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[IWS] RAND: THE EFFECTIVENESS OF CHINA'S INDUSTRIAL POLICIES IN COMMERCIAL AVIATION MANUFACTURING [4 April 2014]

IWS Documented News Service

_______________________________

Institute for Workplace Studies----------------- Professor Samuel B. Bacharach

School of Industrial & Labor Relations-------- Director, Institute for Workplace Studies

Cornell University

16 East 34th Street, 4th floor---------------------- Stuart Basefsky

New York, NY 10016 -------------------------------Director, IWS News Bureau

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RAND

 

THE EFFECTIVENESS OF CHINA'S INDUSTRIAL POLICIES IN COMMERCIAL AVIATION MANUFACTURING [4 April 2014]

by Keith Crane, Jill E. Luoto, Scott Warren Harold, David Yang, Samuel K. Berkowitz, Xiao Wang

http://www.rand.org/pubs/research_reports/RR245.html

or

http://www.rand.org/content/dam/rand/pubs/research_reports/RR200/RR245/RAND_RR245.pdf

[full-text, 114 pages]

 

 

ABSTRACT

Since economic reforms began in 1978, China has enjoyed rapid growth in exports, which have contributed to the country's impressive economic growth. Improvements in the quality of China's workforce, manufacturing technologies, and materials have enabled the country to enter new, more technologically sophisticated industries. In several such industries, which the Chinese government has frequently denoted as strategic, the Chinese government has employed industrial policies, formal and informal, to foster the development of national champions. As part of this strategy, the Chinese government has attempted to induce the transfer of technologies from foreign manufacturers to Chinese companies. To the extent that these policies have been successful, they have accelerated shifts in production and employment from industries located in other countries to China. This report explores the emerging commercial aviation manufacturing industry in China to examine the effectiveness of the policies and mechanisms the Chinese government has used to create "national champions;" evaluate the effectiveness of the steps taken by foreign manufacturers to prevent transfers of key technologies to potential future Chinese competitors when setting up manufacturing facilities in China; provide policy options that allow foreign governments to effectively respond to Chinese industrial policies; and alert Chinese policymakers to the downsides of China's current industrial policies.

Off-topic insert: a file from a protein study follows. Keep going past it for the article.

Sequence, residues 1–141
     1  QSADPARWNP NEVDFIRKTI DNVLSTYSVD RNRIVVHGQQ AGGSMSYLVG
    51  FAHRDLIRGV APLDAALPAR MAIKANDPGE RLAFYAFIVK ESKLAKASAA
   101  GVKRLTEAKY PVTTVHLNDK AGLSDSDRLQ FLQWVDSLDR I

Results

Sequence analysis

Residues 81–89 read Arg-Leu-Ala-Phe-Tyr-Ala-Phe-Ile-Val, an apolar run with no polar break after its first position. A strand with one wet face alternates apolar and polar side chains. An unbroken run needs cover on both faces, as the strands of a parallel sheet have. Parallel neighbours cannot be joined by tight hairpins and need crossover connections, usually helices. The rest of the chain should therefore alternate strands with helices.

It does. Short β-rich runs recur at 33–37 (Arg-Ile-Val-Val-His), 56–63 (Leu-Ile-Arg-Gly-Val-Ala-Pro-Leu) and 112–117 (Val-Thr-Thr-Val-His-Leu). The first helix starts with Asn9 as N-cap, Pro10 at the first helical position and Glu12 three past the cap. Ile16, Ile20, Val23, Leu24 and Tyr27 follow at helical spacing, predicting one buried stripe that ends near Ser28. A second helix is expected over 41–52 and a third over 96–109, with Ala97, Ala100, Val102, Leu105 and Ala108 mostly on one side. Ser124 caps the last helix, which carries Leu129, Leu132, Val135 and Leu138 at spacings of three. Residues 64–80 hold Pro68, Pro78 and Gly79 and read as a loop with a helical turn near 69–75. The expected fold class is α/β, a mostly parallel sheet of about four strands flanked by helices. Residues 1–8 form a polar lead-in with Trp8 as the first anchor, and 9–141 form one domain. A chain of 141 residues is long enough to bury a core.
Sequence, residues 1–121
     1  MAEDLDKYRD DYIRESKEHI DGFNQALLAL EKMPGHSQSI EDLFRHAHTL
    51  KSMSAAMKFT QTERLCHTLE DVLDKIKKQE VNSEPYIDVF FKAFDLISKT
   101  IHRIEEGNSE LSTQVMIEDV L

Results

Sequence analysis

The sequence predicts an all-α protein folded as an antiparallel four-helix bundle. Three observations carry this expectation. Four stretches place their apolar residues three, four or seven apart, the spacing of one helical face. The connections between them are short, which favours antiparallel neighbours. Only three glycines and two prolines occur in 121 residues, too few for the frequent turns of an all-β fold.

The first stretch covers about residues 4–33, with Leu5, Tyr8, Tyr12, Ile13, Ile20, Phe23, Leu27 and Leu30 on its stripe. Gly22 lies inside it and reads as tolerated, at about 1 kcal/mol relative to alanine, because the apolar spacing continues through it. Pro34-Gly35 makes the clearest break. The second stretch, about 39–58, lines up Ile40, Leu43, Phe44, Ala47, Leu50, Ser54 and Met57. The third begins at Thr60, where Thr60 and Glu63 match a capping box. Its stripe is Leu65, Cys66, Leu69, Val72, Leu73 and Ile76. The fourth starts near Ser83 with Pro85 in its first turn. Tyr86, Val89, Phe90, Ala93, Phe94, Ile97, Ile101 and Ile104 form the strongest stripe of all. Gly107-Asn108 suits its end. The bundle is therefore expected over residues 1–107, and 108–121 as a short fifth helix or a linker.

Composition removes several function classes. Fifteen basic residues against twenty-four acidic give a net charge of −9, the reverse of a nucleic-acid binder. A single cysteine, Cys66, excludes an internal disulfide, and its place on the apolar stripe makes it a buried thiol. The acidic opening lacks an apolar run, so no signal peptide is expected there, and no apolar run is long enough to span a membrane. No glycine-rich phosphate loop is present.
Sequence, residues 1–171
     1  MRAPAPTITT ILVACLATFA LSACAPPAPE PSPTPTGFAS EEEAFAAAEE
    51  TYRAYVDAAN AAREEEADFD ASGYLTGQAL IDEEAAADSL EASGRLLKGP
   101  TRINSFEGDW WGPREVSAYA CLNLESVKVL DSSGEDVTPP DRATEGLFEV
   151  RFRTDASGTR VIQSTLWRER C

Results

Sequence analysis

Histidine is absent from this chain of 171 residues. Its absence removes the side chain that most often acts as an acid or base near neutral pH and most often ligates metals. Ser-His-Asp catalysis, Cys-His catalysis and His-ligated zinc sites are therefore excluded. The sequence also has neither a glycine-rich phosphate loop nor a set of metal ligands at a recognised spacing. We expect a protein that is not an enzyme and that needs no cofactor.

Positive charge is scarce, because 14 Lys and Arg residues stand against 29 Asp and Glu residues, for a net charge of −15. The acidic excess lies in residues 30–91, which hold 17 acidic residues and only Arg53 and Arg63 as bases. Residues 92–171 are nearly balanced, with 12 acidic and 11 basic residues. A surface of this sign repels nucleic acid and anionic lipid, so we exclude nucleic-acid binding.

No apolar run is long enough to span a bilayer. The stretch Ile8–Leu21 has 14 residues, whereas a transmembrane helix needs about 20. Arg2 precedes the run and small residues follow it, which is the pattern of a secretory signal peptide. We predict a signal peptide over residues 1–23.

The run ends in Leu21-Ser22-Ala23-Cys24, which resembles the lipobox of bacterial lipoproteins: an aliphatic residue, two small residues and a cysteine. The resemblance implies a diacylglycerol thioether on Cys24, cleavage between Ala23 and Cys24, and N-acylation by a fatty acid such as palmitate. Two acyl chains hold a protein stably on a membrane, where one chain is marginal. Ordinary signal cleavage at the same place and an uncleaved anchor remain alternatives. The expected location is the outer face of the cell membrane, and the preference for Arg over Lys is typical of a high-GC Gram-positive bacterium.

Key Findings

The Chinese Government Views Aviation Manufacturing as a Priority

  • Designing and manufacturing passenger jets is seen as an indicator of the nation's technological prowess.
  • Aviation manufacturing is also seen as driving economic growth and innovation.

Foreign Companies See Benefits to Investing in China -- Carefully

  • Foreign companies benefit from interacting with China by providing support to Chinese customers, cultivating a competitive source of parts, and generating sales to Chinese airlines.
  • Because of the way the agreements operate, foreign companies are careful to protect intellectual property and technologies.
  • Foreign manufacturers say continued innovation is key to preventing emergence of Chinese competitors.

China's Commercial Aviation Manufacturing Industry Is Still Developing

  • The planes currently in development are not likely to be competitive when finally realized. The Chinese government will then have to invest heavily in developing a new round of planes that might be more competitive.
  • It is possible China will be more successful in general aviation, building smaller aircraft for private or charter use.

Foreign Competitors Struggle with Negotiating Agreements with China

  • If China succeeds in penetrating the commercial aviation manufacturing market, other countries may want to consider several policy options.
  • China also should consider the opportunity costs of its policies and whether to pursue more market-oriented policies.

Recommendations

  • The U.S. government could engage in bilateral negotiations with the EU to pressure Airbus and Boeing to reduce the use of purchases of components as a marketing tool.
  • The United States and EU could push for more transparent tenders for purchases of aircraft by Chinese state-owned airlines.
  • They could also monitor development of Chinese technology and intervene through the World Trade Organization and bilateral forums in response to efforts to use subsidies or other supports to enter U.S. or EU markets. They could also continue to press the Chinese government in these arenas to dispense with industry-specific industrial policies.
  • If China wishes to become fully integrated into the global commercial aviation manufacturing industry, China's government would be well advised to change its current policies to create a more equitable business environment for both foreign and Chinese commercial aviation manufacturers.

 

 

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